Wayne S. Walker

     Question: “When Peter told the Jews on Pentecost to repent and be
baptized, doesn’t this apply only to the people who put Jesus on the
cross and have nothing to do with our being saved, and why do people use
this when the dispensation that we’re in now isn’t under Peter’s
preaching but Paul’s preaching?”

     The passage in question is Acts 2.38 where we read, “Then Peter said
to them, ‘Repent, and let every one of you be baptized in the name of
Jesus Christ for the remission of sins, and you shall receive the gift of
the Holy Spirit.”  Certainly, there is no doubt that Peter was speaking
to Jews on this occasion.  However, the real question is, do Peter’s
words apply only to those people, or is he revealing a general truth by
the power of the Holy Spirit which had been given to him and the other
apostles for all mankind?

     As a result of Peter’s preaching Christ, a large number in that
audience came to believe that Jesus is Lord.  At this point they cried
out, asking what to do.  They were not just saying, “Oh my, what are we
going to do about this mess?”  The text says that they were cut to the
heart, meaning that having killed the very Christ on whom they now
believed as Savior, they knew that they were lost in sin and were asking
what to do to be saved from their sin.  And when Peter told them to
repent and be baptized, he was telling them what God required of them to
do for remission of sins.  In Acts 10.34-35 this same inspired apostle
later said to Gentiles, “I perceive that God shows no partiality.  But in
every nation whoever fears Him and works righteousness is accepted by

     God is no respector of persons, so it is only reasonable to conclude
that what He required of Jews to do for salvation, He requires of all
others too–to show that we fear God by repenting of sin and then to work
His righteousness by obeying His will in baptism.  Furthermore, Peter
himself told us to whom his words applied.  In Acts 2.39 he went on to
say, “For the promise is to you and to your children, and to all who afar
off, even as many as the Lord our God will call.”  Peter may not have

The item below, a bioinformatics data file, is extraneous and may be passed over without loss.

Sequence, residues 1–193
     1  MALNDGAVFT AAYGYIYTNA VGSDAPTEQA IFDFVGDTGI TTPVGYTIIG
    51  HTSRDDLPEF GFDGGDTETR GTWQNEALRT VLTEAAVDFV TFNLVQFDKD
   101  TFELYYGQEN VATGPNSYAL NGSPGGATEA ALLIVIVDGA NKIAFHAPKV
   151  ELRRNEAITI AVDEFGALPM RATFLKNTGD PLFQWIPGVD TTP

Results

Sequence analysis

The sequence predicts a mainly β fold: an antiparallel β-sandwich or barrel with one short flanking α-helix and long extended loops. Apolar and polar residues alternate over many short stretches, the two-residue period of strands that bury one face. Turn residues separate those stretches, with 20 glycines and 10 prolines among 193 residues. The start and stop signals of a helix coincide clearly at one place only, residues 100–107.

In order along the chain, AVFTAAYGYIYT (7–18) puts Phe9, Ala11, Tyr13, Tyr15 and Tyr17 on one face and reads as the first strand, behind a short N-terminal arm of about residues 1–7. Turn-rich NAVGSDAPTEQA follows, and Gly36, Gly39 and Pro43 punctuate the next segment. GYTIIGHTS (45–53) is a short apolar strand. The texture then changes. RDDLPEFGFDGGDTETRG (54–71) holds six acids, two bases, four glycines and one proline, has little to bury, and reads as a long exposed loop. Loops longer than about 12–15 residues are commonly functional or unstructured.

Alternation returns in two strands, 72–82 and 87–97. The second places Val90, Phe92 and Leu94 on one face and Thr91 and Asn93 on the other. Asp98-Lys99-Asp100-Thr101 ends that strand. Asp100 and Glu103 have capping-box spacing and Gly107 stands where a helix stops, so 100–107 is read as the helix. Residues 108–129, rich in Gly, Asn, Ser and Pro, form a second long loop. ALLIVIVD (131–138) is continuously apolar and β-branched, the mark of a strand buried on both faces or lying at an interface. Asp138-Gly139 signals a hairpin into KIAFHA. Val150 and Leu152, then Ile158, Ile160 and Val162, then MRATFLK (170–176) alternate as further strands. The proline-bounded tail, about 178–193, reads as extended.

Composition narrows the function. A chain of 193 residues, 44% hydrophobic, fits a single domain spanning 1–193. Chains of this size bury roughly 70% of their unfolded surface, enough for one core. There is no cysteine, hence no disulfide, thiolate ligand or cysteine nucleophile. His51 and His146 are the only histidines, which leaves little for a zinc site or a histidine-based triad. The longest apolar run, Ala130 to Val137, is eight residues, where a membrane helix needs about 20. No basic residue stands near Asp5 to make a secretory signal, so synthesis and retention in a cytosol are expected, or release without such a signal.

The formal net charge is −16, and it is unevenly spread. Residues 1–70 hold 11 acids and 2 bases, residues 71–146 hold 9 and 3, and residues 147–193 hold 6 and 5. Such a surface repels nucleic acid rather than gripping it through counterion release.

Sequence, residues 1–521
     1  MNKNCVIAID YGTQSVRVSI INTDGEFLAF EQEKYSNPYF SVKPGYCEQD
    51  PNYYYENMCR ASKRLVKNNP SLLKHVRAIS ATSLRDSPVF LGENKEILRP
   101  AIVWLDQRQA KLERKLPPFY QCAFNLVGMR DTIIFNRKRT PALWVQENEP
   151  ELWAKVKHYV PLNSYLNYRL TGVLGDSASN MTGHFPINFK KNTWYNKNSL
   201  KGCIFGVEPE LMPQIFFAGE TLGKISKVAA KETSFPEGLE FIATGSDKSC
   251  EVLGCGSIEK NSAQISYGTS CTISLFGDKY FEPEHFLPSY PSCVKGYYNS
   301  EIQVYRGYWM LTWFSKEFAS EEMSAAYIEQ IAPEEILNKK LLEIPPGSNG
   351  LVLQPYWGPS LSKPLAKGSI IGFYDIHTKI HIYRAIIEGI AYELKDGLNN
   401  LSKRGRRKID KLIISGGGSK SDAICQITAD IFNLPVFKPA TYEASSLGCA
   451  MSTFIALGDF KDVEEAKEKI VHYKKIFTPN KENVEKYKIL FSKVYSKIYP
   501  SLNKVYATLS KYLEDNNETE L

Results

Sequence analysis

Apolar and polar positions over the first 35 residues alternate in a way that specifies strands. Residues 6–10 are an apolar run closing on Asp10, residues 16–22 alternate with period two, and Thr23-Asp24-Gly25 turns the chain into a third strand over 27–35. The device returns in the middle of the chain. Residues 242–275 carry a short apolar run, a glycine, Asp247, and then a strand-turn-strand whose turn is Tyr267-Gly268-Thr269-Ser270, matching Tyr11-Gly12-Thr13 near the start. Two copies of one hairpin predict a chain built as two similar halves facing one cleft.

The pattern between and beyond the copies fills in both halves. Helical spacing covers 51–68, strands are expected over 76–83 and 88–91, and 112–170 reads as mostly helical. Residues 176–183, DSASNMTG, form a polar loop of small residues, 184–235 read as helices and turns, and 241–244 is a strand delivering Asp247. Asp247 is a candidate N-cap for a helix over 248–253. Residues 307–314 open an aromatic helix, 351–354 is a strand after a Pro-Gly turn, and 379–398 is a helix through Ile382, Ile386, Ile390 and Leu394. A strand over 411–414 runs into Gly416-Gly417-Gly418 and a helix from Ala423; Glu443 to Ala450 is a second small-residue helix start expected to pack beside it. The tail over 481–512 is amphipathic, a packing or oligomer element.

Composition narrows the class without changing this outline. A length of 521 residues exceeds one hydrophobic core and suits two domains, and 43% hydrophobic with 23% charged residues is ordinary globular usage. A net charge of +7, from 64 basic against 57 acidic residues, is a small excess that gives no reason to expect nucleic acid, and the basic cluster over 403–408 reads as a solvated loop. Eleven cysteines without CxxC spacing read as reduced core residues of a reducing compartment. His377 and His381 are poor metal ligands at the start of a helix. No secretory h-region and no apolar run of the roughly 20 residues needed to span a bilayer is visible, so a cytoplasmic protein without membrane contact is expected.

understood all the implications of this statement himself, but it is
clear that what he said to the Jews on that occasion is equally
applicable to all others as well.  So, no, this did not apply only to the
Jews on Pentecost who put Jesus on the cross, but it is part of God’s
plan for the salvation of all mankind, including our salvation too.

     Nor does the Bible make a distinction between the “dispensation” of
Peter’s preaching and Paul’s preaching.  In what dispensation was Peter
preaching?  In Acts 2.16-17 he quoted the prophet Joel, “And it shall
come to pass in the last days, says God, that I will pour out of My
Spirit on all flesh….”  Joel prophesied of the “last days” or gospel
age of the Messiah when the Spirit would be poured out and salvation
offered to all who call on the name of the Lord (note Acts 2.21).  Peter
said that Pentecost was the fulfilment of that!  Wee are still in that
same dispensation when whoever calls on the name of the Lord will be
saved (Romans 10.13-17).  Therefore, what Peter said applies to us just
as much as it did then.

     The question implies that we are under Paul’s preaching, not
Peter’s.  However, Paul preached the same thing as Peter.  In Romans 6.4
he wrote, “Therefore, we were buried with Him through baptism into death,
that just as Christ was raised from the dead by the glory of the Father,
even so we also should walk in newness of life.”  When do we have newness
of life?  It is when we are saved from our sins.  And Paul says that this
newness of life comes after we have been buried with Christ in baptism
(see also Galatians 3.26-27 and Colossians 2.11-13).  In fact, Peter
claimed that he and Paul taught the same thing!  He said in 2 Peter 3.14,
“And account that the longsuffering of our Lord is salvation–as also our
beloved brother Paul, according to the wisdom given to him, has written
to you.”  So both Peter and Paul were doing exactly what Christ told them
to do–preach the same gospel to the whole world, telling people that
thos who believe and are baptized will be saved (Mark 16.16).


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